Florida’s Biotech Bet

For more than a decade, one of the hottest trends in economic development has been pursuing biotechnology. Cities and states around the nation have made considerable investments in biotech research, ranging from California’s voter-approved $3 billion research program, to smaller efforts in cities around the country, including Indianapolis, St. Louis, and Phoenix.

One of the states that made the biggest bets on biotech was Florida, which in 2003 committed state funds to luring the Scripps Research Institute to building a new campus in Palm Beach County. The Scripps deal served as a template for subsidies to other life sciences research institutions opening similar research labs in other Florida cities. The total cost of the program is estimated to reach more than $800 million.

In a new article, Reuters has questioned whether Florida has gotten its money’s worth for the investments it has made in biotechnology. The biotech investments were originally sold based on the promise that they would lead to a flourishing new industry employing more than 44,000 people. But a decade later, there’s little evidence of progress.

We’ve long followed the biotechnology industry. In 2002, my colleague Heike Mayer and I undertook an extensive study of the clustering of the US biotech industry, published by the Brookings Institution–Signs of LIfe–which showed that the industry’s economic impact was tightly concentrated in just a few leading centers around the nation. While life sciences research was becoming slightly more widespread as more cities competed for National Institutes of Health (NIH) funding, all of the measures of commercialization–new firm startups, venture capital investment, and privately funded research and development partnerships– were becoming more concentrated in a few leading cities. Our analysis showed that three biotech leaders (Boston, San Francisco, and San Diego) had decisive competitive advantages in starting and growing new biotech firms that other cities would find difficult, if not impossible, to overcome.

The succeeding decade has confirmed our original analysis. The three leading centers are even more dominant today that they were a decade ago. In 2000-01, Boston, San Francisco, and San Diego accounted for about 54 percent of venture capital invested in biotechnology. In 2010-12, the three metros accounted for 60 percent of biotech venture capital. Data on venture capital flows come from the PriceWaterhouseCoopers Moneytree survey.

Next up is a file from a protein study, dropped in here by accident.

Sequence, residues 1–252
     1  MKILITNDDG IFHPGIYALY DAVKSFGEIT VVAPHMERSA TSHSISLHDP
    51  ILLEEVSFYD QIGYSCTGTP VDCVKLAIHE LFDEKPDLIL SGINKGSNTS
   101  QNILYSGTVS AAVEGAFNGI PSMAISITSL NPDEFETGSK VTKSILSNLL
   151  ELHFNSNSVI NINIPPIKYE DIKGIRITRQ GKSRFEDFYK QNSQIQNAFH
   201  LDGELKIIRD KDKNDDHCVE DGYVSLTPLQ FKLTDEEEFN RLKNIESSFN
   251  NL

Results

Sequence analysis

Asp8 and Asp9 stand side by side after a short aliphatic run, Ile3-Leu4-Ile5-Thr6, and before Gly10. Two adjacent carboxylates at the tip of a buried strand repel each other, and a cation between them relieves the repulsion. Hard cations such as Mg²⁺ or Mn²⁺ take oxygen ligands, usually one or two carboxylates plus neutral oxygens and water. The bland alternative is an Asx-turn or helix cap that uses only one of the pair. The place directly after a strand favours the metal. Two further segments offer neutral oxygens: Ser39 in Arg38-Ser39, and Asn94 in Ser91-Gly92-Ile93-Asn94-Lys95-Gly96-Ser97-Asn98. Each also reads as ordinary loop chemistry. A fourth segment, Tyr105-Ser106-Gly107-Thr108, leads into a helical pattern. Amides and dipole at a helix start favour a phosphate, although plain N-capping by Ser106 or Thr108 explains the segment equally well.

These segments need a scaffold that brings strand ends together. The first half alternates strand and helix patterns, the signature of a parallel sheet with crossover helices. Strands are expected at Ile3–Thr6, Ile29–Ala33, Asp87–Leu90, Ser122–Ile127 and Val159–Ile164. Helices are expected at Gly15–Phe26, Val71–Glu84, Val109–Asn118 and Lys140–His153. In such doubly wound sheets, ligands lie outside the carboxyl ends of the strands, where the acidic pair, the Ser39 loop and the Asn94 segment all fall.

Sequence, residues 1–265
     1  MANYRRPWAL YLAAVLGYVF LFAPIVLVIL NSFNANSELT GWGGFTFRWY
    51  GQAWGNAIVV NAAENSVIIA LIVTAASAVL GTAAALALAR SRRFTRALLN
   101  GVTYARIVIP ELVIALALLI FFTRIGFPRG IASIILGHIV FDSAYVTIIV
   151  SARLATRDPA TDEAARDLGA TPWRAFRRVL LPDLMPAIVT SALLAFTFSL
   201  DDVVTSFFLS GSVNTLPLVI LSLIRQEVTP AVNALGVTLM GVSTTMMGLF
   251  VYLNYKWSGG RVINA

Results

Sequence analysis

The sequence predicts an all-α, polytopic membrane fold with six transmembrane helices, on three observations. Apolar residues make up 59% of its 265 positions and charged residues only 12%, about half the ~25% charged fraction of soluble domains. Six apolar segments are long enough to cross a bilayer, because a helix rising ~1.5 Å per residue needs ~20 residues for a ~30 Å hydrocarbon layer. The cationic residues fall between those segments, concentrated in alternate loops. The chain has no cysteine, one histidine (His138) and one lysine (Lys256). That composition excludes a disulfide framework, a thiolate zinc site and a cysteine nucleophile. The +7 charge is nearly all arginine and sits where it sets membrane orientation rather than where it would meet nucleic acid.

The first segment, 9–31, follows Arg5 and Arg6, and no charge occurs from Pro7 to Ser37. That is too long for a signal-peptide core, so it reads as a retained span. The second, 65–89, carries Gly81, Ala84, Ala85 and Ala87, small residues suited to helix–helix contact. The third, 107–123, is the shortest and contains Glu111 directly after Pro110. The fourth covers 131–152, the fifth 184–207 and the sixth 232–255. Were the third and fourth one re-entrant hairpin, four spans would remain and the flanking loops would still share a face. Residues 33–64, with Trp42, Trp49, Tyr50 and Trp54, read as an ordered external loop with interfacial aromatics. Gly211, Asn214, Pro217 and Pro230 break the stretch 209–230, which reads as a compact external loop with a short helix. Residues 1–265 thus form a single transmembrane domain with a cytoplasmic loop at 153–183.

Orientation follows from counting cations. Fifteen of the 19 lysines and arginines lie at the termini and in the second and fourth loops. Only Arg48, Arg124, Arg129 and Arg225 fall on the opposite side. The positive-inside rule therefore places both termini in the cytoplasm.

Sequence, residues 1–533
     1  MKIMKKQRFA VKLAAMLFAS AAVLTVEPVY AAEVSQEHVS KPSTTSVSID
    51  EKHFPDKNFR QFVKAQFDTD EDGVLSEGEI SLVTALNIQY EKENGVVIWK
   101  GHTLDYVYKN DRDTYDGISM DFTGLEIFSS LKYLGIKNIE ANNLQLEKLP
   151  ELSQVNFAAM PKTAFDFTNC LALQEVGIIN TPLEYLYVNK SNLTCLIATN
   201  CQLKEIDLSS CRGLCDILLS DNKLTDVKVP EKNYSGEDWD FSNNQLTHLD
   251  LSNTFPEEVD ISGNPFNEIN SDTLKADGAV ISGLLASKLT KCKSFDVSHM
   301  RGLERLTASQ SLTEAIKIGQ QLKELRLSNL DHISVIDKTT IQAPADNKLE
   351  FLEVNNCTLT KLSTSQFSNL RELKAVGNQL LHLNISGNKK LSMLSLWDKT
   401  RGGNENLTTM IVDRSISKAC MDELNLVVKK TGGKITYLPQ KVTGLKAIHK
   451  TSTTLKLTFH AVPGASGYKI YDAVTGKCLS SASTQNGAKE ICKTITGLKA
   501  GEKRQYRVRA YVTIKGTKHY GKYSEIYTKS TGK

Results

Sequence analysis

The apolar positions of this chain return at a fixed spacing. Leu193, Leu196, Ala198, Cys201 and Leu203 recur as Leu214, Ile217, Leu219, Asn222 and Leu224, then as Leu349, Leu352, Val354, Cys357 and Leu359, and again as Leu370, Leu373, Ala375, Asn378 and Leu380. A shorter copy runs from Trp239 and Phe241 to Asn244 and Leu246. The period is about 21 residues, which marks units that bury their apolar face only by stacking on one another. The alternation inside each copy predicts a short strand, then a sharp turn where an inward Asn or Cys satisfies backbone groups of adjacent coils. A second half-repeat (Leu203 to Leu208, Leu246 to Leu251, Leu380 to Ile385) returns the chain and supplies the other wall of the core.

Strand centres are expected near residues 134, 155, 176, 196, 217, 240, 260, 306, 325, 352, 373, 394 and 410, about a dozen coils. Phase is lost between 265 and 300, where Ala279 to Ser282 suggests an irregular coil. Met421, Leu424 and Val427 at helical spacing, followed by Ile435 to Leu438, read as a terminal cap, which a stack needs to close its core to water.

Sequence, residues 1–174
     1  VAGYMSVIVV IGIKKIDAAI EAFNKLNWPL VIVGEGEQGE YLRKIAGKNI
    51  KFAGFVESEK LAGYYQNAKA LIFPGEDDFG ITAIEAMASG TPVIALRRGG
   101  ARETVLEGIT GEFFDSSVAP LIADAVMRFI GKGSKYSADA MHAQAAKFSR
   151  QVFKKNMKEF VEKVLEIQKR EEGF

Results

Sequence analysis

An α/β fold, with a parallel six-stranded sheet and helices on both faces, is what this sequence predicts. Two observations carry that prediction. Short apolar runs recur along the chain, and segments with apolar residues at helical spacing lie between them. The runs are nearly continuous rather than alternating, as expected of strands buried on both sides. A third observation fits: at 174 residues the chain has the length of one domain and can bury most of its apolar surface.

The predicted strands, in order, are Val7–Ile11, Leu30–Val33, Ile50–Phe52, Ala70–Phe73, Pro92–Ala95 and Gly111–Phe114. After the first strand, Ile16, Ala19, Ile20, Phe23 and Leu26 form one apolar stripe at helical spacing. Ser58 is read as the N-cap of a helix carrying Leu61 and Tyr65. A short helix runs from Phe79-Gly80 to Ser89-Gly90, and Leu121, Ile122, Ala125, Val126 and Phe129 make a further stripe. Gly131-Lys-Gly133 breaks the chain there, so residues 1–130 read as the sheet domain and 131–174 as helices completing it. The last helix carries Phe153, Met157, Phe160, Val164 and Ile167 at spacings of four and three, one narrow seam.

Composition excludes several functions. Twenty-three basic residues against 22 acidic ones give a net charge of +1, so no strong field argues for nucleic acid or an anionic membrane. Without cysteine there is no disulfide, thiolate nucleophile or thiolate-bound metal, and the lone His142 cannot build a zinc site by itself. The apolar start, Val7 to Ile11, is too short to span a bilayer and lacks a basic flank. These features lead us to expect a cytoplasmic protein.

There’s probably no better indicator of the growth of biotechnology commercialization than the flow of venture capital funds to new startup companies. By this measure, the state of Florida’s position is essentially no different than it was a decade ago. While venture capital funding fluctuates from quarter to quarter, Florida’s share of national biotechnology venture capital funding is still less than 1 percent–in the same range that it was before its subsidies to Scripps and other research laboratories.

As it turns out, doing biomedical research doesn’t automatically lead to new companies and job creation. The hard and costly work of turning promising research ideas into marketable products happens in only a few places. The challenge in growing a commercial biotechnology hub is in overcoming the overwhelming competitive advantages that established clusters have in being places that have the financial, human, and institutional resources to succeed in this complicated and risky business. Despite the time and expense that Florida and other states have invested in biotech research, there’s almost no evidence that anyone has made anything more than marginal changes to the landscape of the U.S. biotech industry.

How is economic mobility related to entrepreneurship? (Part 2: Small Business)

We recently featured a post regarding how venture capital is associated with economic mobility. We know that these are strongly correlated—and that, if we are concerned with the ability of children today to obtain ‘The American Dream,’ we should be concerned with how to increase economic mobility.

To understand more about how cities can increase intergenerational economic mobility, we wanted to take a look at another measure of entrepreneurship: small businesses per capita.

We follow Glaeser, et al, and measure the number of businesses with 20 or fewer employees per 1,000 population in each of the nation’s largest metropolitan areas. As in the previous post, we measure economic mobility as the probability that children born in the bottom quintile rise to the top quintile as adults.

The chart below shows the results: cities with a larger number of small businesses per capita have higher rates of economic mobility. This relationship is positive, but statistically less strong a fit (R-squared: .16) than venture capital.

The data from this post and the previous one suggest that there a positive relationship between entrepreneurship and higher levels of economic mobility, particularly that economic mobility is somewhat correlated with higher numbers of small businesses and more strongly correlated with venture capital.